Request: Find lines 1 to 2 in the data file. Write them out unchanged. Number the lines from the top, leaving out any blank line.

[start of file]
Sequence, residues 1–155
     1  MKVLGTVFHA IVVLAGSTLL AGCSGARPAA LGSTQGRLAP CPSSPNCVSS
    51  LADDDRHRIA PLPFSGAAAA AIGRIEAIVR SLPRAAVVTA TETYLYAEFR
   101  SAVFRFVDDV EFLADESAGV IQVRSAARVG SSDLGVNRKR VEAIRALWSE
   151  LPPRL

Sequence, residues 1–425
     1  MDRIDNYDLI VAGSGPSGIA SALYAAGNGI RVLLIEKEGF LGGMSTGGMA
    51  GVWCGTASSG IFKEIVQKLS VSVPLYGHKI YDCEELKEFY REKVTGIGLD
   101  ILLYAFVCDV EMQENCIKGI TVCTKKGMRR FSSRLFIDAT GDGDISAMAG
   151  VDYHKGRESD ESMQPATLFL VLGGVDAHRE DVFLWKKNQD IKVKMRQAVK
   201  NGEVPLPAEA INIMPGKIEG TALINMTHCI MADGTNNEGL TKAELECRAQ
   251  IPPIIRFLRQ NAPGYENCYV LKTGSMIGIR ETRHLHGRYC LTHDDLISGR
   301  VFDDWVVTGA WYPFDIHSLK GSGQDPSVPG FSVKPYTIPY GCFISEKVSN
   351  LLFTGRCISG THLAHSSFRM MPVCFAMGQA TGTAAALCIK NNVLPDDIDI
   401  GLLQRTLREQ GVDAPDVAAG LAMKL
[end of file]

Sequence, residues 1–155
     1  MKVLGTVFHA IVVLAGSTLL AGCSGARPAA LGSTQGRLAP CPSSPNCVSS